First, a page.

Especially important measures designed to strengthen and develop socialist production relations in the kolkhozes were carried out according to the resolutions of the March 1965 Plenum of the Central Committee of the CPSU. The system of remunerating kolkhoz members was changed in 1966. Guaranteed payment according to a basic wage rate was instituted. The kolkhoz members were to be paid in cash at least once a month and in kind at the time the produce was obtained. In addition, they were to receive supplementary payments based on the year’s totals. As a result, the wages of kolkhoz members rose. (In 1960 the rate was 1 ruble 40 kopeks per person-day, as compared to 3 rubles 90 kopeks in 1970.) The material stake of the peasantry in the development of the collective farm increased, as did the level of peasant labor. The peasants’ real income, computed per worker, was 12 times greater in 1970 than in 1913. From 1964 kolkhoz members were provided with old-age and disability pensions, and in 1970-71, a unified social security system was introduced for them. The system of calculating pensions for industrial and office workers was extended to kolkhoz members. In 1970, 12 million kolkhoz members received pensions (including 10.5 million old-age pensions).
With the victory of socialism, the moral and political unity of Soviet society has been established on the basis of the further strengthening of the alliance of the working class and the peasantry, in which the working class continues to play the leading role. The tie between the peasantry and the Communist Party became stronger. In 1937, 296,900 Communists, including 186,-900 kolkhoz members, were employed in agriculture in the USSR. There were 2,336,400 Communists employed in agriculture in 1967, including 1,330,300 kolkhoz members. Through the soviets the kolkhoz peasantry participates in the administration of public and state affairs. The forms of kolkhoz self-government have continued to expand and improve. Adopted by the Third All-Union Congress of Kolkhoz Members (1969), the Model Kolkhoz Regulations, which have become the law governing the way of life and the labor of the peasantry during the period of the building of communism, constituted a new level in the development of kolkhoz democracy.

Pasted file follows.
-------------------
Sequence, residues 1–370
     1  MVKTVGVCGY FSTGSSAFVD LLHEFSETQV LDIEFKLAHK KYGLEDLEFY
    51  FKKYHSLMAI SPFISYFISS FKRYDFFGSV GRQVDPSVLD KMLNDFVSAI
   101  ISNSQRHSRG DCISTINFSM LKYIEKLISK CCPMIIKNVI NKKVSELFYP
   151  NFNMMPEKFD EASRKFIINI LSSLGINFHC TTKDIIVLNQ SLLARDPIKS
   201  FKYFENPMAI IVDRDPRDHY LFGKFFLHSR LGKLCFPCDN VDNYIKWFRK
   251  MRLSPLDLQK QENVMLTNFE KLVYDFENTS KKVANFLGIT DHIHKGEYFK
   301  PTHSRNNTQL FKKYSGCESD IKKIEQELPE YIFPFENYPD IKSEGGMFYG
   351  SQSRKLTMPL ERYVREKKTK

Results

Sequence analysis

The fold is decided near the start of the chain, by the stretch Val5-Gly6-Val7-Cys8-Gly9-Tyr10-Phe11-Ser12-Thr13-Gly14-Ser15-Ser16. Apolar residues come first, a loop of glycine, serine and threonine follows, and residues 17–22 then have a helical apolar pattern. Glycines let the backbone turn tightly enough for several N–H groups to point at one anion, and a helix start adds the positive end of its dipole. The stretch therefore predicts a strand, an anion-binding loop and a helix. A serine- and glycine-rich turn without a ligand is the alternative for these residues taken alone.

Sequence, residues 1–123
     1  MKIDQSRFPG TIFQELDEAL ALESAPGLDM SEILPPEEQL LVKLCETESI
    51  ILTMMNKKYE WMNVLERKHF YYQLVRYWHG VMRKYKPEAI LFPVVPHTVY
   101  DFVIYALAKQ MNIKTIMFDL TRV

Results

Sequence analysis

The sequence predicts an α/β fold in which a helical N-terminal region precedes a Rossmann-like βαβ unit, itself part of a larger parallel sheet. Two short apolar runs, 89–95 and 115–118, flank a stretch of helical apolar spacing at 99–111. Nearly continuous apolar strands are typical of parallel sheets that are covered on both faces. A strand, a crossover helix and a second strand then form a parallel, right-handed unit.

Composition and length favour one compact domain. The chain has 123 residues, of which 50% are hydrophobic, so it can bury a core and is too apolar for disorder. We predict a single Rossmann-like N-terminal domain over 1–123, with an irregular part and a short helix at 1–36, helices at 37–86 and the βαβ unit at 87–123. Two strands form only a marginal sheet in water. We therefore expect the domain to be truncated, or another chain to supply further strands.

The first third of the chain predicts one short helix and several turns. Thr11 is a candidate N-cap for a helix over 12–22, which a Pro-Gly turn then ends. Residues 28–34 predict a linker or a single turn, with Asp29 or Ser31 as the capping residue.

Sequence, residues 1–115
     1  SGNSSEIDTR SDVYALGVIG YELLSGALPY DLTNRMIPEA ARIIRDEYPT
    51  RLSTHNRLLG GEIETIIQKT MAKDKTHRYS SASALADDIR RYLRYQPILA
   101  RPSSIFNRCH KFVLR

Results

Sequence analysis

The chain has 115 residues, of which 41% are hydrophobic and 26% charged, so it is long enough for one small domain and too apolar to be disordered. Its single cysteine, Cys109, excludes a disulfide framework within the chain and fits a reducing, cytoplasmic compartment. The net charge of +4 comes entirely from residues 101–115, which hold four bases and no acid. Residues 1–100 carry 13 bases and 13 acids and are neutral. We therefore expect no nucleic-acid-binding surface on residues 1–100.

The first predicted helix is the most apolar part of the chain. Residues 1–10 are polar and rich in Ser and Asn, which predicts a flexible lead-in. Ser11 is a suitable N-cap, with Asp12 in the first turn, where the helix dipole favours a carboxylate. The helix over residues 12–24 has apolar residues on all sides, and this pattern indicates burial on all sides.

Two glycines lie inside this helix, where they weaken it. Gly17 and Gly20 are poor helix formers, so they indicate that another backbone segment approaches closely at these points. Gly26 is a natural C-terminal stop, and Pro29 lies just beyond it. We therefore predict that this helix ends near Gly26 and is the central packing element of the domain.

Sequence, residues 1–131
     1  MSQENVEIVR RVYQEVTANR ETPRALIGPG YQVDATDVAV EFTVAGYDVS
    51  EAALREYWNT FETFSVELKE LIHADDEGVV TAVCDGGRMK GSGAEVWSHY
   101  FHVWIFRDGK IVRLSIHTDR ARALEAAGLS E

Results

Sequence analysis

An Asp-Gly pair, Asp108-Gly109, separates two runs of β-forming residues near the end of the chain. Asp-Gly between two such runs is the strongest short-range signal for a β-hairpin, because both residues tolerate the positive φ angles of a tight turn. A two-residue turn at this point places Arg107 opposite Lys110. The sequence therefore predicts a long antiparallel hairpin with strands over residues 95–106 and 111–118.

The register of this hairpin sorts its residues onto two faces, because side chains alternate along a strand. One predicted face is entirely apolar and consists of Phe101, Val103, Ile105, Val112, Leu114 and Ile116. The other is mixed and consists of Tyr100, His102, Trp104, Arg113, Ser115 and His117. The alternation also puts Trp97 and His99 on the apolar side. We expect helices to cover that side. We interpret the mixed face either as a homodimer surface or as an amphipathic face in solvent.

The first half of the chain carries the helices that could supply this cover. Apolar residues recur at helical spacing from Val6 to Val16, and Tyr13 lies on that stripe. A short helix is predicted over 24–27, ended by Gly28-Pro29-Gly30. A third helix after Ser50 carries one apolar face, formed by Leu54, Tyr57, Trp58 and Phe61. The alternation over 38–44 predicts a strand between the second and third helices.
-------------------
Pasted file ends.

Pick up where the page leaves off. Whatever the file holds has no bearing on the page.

The development of productive forces leads to the gradual transformation of agricultural labor into a kind of industrial labor and to the obliteration of essential differences between the city and the countryside, including their respective ways of life and cultural levels. The growing socialization of production brings kolkhoz property closer to state property, creating the conditions for their merger into a single form of communist property belonging to the people as a whole. The successes of socialist agriculture and the heroic labor of the peasantry are among the important conditions for raising the standard of living of the people and for the gradual transition of Soviet society to communism.


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V. I. KORETSKII (up to the 18th century),

B. G. LITVAK (18th century-1861),

A. M. ANFIMOV (1861-1917), and V. P. DANILOV (1917-72)